Everybody needs to begin to embrace Artificial Intelligence(AI). AI is a big monster we all have to cater for, make room for, and try not to fight. You can’t defeat it. It’s here to stay and will get more intrusive and prominent in every industry. Now, we’re practising a hybrid at work, where people come to work on several different days. AI and radio, that’s a big thing now. We, fortunately, have always adopted social media. We have the biggest social media following among radio stations in Nigeria. We use AI for a whole bunch of things now.
We use it to create ads. There’s so much you can do with it. You can use algorithms to pick up from the archived audio that you can reuse as podcasts.
You can create virtual hosts for your programs.
You can use it for language translation. Say I want to translate something into Igbo, Yoruba, French, to whatever; AI is there. There’s a station in the U.S. they have a total virtual DJ. There is nobody there; AI is running it. It’s simple. What it does is that it, first of all, searches social media. If you take Lagos as an example, it searches it on social media, Twitter, and Instagram, finds what’s trending, and extracts it. Then it uses GPT to write a script based on it, saying that, okay, there’s traffic on Awolowo road, or somebody just got evicted from BBN All-Stars, or TheWill just won an award. It extracts that and uses GPT to write a script in the language. If it’s in Kaduna, it can write it in Hausa. If it’s in Lagos, it writes it in English. Then the AI voices the script.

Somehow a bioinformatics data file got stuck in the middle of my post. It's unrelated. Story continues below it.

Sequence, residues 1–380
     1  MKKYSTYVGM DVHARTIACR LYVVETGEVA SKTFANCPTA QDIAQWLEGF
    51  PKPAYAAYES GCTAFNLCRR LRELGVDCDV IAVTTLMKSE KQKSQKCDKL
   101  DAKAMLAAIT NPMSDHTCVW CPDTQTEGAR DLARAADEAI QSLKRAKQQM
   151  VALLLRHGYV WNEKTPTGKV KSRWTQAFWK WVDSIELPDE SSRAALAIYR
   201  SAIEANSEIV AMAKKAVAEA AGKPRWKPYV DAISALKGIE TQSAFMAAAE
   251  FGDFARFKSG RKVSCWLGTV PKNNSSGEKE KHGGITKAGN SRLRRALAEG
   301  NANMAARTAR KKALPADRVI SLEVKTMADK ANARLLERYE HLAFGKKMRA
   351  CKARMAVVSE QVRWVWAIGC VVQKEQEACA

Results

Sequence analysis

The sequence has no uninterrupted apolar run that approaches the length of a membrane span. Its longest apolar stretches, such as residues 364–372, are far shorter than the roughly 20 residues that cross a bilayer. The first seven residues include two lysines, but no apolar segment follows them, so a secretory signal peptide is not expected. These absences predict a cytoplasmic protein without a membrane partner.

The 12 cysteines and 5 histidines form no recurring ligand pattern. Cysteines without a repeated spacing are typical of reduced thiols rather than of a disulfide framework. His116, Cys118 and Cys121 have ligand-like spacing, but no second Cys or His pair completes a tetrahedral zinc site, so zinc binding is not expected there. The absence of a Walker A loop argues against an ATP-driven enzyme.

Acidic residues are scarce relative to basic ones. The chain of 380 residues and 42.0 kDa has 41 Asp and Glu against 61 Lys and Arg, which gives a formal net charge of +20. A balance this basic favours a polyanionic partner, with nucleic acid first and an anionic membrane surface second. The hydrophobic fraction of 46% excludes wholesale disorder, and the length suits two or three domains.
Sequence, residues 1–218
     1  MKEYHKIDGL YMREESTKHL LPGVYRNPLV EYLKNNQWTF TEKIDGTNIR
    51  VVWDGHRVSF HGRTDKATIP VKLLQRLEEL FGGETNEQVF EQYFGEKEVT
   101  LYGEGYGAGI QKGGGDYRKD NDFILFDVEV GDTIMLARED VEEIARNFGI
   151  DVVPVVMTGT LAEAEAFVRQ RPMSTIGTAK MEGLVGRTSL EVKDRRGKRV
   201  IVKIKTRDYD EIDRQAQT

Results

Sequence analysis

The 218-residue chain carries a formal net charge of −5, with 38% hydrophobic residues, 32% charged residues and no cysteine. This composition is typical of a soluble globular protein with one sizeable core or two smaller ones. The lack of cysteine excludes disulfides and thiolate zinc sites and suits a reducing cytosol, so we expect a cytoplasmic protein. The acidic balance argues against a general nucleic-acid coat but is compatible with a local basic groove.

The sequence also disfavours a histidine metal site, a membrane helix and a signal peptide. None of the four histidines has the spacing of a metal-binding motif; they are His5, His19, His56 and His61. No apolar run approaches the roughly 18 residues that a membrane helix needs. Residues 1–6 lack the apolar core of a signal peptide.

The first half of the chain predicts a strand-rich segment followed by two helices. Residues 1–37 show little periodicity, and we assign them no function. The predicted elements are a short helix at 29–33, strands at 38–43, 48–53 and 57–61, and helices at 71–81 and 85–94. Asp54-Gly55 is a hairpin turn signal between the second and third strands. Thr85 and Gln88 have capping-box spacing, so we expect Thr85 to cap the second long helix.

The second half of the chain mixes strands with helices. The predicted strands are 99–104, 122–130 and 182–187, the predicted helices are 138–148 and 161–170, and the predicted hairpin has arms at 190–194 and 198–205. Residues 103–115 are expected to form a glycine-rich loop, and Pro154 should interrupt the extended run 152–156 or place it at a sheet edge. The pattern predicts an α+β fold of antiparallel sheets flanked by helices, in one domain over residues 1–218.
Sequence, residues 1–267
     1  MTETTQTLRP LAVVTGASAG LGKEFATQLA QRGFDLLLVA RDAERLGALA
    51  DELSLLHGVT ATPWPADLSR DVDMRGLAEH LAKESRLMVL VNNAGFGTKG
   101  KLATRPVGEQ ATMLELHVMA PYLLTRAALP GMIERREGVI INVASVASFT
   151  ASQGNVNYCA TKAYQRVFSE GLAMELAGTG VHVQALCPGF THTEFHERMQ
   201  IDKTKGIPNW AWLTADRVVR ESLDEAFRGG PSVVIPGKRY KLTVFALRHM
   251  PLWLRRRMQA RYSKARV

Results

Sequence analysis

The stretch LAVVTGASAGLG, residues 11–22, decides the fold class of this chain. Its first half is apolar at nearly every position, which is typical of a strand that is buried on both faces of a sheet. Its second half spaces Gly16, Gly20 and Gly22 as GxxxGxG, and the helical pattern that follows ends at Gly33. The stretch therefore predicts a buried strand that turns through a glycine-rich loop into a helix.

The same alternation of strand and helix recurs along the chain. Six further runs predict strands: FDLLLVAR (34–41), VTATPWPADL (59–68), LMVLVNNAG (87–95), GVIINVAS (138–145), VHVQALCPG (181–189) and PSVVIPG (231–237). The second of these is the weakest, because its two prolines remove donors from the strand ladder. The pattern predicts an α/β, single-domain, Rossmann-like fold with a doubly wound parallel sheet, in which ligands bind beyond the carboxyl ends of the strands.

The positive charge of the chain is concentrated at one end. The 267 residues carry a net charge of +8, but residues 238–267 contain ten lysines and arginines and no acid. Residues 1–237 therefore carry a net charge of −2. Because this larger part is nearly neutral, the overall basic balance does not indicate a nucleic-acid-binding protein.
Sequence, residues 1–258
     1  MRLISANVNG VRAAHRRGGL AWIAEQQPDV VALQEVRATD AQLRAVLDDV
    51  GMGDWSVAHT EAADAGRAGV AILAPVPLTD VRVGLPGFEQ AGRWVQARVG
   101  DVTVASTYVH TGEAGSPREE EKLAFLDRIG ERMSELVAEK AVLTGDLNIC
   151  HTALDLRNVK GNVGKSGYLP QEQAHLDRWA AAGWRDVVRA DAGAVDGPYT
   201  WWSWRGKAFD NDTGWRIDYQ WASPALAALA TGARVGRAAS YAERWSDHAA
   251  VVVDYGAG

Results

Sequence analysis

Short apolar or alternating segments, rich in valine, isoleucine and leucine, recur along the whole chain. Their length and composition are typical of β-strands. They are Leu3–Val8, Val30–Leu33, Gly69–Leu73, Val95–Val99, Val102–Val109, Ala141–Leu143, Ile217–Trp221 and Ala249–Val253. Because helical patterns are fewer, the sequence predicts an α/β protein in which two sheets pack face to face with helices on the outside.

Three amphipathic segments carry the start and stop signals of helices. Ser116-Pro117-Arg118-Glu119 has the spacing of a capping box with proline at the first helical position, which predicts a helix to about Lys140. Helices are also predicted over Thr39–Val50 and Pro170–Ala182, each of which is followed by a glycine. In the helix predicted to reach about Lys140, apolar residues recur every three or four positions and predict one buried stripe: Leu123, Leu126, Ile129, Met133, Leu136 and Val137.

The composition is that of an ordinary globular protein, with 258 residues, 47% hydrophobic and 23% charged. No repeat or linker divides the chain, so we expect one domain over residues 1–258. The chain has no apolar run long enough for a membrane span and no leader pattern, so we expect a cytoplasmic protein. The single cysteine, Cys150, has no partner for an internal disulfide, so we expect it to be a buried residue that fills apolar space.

You have a choice, you can do it as a single person or two people, and it goes out on air. Guess what?
While it’s doing all this, it generates real-time social media content that you can push out. We’re all going to have to come to terms with it.
We’re all going to have to begin to embrace it. It’s going to be in Nigeria. We use the algorithm for podcasts and all archives. We haven’t yet gotten to the stage of using it to copy the voice of our OAPs or anything. But it’s going to get there because things are getting so difficult in the industry now. We’re going to have to cut costs and whatever we can.
This is one of them. But it’s interesting. We all have to embrace technology. It’s real. AI producers are producing music now. You have songs out now that are not produced by humans. 73% of the producers in the U.S. are afraid of what AI is doing. The only problem now is they’re beginning to wonder where the copyright stands in this thing because you use someone’s work to train them.
I don’t have to pay copyright when I use AI to do anything. Because it’s me who did it, so every industry, every single industry, has to be afraid and very, very afraid and at the same time embrace what they can. So that’s the biggest thing. The rest of the things we’ve managed to live with and coexist with, and we’ll continue to do that.
With social media and streaming platforms prevalent, how do your radio stations adapt and continue to foster a sense of community among listeners?